});
}

/**
 * Reverse the migrations.
 *
 * @return void
 */
public function down()
{
    Schema::dropIfExists('regions_stores');
}
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4. Define many to many relationships

Now that we have our parent and pivot tables ready, we will have to define the Laravel many-to-many relationship in the Parent Models. We will use the belongsToMany() function to do so. This function expects a series of parameters such as the related Model , optional table name , optional foreign pivot key , and optional related pivot key among others. The only required parameter is the related model. All others can be prefilled for you if you used the alphabetical naming conventional.

I personally like specifying the optional parameters too such as table name , ** foreign pivot key** , and related pivot. This is because I want to have full control over my pivot table.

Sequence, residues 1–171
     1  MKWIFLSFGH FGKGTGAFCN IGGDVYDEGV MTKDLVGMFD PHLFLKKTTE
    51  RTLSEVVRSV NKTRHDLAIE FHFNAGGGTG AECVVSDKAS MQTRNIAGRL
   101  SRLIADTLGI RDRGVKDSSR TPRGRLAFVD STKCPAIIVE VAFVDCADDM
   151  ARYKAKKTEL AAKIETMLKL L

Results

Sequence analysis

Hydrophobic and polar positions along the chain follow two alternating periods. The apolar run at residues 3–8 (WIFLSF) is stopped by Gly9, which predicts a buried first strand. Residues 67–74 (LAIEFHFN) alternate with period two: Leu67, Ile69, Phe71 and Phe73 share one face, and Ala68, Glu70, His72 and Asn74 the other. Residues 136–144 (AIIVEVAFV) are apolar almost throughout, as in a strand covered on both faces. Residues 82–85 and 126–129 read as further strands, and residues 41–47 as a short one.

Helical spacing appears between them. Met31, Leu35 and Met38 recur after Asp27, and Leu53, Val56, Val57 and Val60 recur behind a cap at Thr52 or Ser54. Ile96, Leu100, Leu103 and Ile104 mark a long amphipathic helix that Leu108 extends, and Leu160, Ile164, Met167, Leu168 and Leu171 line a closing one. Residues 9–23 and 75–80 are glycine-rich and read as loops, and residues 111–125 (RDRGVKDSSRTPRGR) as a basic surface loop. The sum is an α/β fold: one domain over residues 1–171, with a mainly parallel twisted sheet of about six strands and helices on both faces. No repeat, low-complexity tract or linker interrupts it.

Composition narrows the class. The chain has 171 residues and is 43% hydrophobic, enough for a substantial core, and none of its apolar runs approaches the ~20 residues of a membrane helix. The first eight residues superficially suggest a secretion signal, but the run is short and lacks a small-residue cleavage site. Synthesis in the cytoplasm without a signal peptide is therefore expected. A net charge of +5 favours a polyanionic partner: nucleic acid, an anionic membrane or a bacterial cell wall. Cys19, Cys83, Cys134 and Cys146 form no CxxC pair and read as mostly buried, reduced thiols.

I will update the Stores model as follows

    public function regions()
    {
        return $this->belongsToMany(Regions::class, 'regions_stores', 'stores_id', 'regions_id');
    }
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Stores Model

I will also update my Regions Models as follows

    public function stores()
    {
        return $this->belongsToMany(Stores::class, 'regions_stores', 'regions_id','stores_id');
    }
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Laravel many-to-many relationship
Regions Model

5. Using the Many to Many Relationship in our Controller

Once we have defined our many to many relationships, we can now migrate the database

php artisan migrate
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The next step is to use these helper functions to help us assign the many to many relationships to our records.